Chesterfield (day 3 of 4): Worcestershire 151 (G G Wagg 4-66, C K Langeveldt 4-44) & 110 (G G Wagg 4-53) v Derbyshire 356 (D J Pipe 133, G G Wagg 56, S P Jones 5-74)
Derbyshire (21pts) beat Worcestershire (3pts) by an innings and 95 runs.
Had rain and bad light not accounted for half of day one, Worcestershire would have lost their Championship match against Derbyshire within two days.
It is hard to find the words to accurately describe how abysmal they were for the majority of the six sessions played - but even The Pears’ low standards plumbed new depths on Sunday when they were dismissed for 110 before lunch while chasing a first innings deficit of more than 200.
At least on the first day, when Vikram Solanki won the toss and his side crumpled to 151, some overcast conditions and a virgin track offered a reason for a swinging and seaming ball.
However, in bright sunshine on day three and on a flattening surface, which had yielded the second fastest Championship hundred of the season the previous afternoon, they were dismissed inside 25 utterly painful overs.
Some of the shots that Worcestershire’s more accomplished batsmen fell to were not only lazy but bad enough to draw grimaces like those when lemon juice is squeezed into an open wound.
They were ugly; not least Graeme Hick’s, whose flagrant and off-balance waft outside off stump was most uncharacteristic but best epitomised his side’s appalling display.
Director of cricket Steve Rhodes refused to condemn his recognised batsmen, none of whom scored more than 20 - in either innings. He said: “The key is to remain objective in these situations.
“We know we were poor in the game and we will address that by looking at the areas where we have been poor and trying to be positive and upbeat about how we can improve. It’s not so much about bollockings or throwing teacups around. Although there is room for that on the odd occasion, the main thing from this game is to see where we can improve.”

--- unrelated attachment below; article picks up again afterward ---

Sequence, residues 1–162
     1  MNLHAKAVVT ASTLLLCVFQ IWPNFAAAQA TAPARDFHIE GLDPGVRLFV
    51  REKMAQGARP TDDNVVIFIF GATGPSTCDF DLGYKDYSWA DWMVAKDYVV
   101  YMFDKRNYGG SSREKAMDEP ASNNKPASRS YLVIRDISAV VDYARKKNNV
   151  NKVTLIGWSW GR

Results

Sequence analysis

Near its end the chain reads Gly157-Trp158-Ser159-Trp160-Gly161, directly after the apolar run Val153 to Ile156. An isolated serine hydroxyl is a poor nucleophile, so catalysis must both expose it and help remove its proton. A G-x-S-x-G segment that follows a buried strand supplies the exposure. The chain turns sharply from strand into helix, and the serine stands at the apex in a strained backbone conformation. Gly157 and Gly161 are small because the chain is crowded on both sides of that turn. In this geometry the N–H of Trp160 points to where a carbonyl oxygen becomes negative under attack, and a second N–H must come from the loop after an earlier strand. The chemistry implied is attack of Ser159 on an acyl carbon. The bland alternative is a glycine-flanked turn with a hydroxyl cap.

Being ‘objective’, the top six is the area most in need of attention.
Rhodes added: “They struggled against the swinging ball — that is not an excuse, but that is also good bowling.
“However, they are also professional batsmen who are well-equipped to deal with that sort of thing. I would not call it wasteful batting, or anything like that.
“I think the pressure Derbyshire put us under with good bowling had a lot to do with it. Certainly we could have batted better - but today wasn’t just down to that. Credit has to go to the opposition. That is the best I have seen Derbyshire bowl.
“We had fought back brilliantly and looked like getting them out for under 200, which is what we had planned, but I think James Pipe’s innings was very special.”
Ah yes, that blissfully bashful innings which illuminated day two. His 133 (121 balls, 18 fours, four sixes) equalled his career best and shredded any hope the Pears had of gaining a second successive victory in the competition.
Recovering from 157 for seven he put on 145 in 25 overs with Graham Wagg (56, 82 balls, eight fours), which proved to be the highest eighth-wicket partnership in a game featuring these two teams.
It must have been particularly sweet for Pipe, whose first team appearances during his seven-year stint at New Road was first hindered by Rhodes and then by Steve Davies.
Saturday, however, was all about him and his former team-mates could only watch the ball being smeared to all parts of the ground for his 71-ball hundred.
His second 50 came in 27 balls, much to the chagrin of his best-friend Gareth Batty whom he milked relentlessly, and the hapless all-rounder Gareth Andrew who, somewhat remarkably, caused even fewer problems with the ball than he did with the bat. He registered a pair and was wicketless from his eight overs, which went for 58 runs.
While Worcestershire’s demise could be attributed to many things - poor batting, an under-strength seam attack due to the illness of Kabir Ali, or an unusually out-of-form Steve Magoffin - the impact of all-rounders Pipe and Wagg, whose eight wickets and accomplished half-century made him this correspondent’s man of the match, was the most pertinent.
How Worcestershire could benefit from an established all-rounder themselves.
On the plus side for the visitors, Simon Jones took five-for from 15.3 overs. That chairman of selectors Geoff Miller saw the 29-year-old when he was at his most fierce would have done the Welshman’s quest for a return to international cricket no harm at all.
Miller gave nothing away, despite much probing in the Press Box about the fast bowler’s future, but he did suggest that in short bursts he felt Jones was a force to be reckoned with.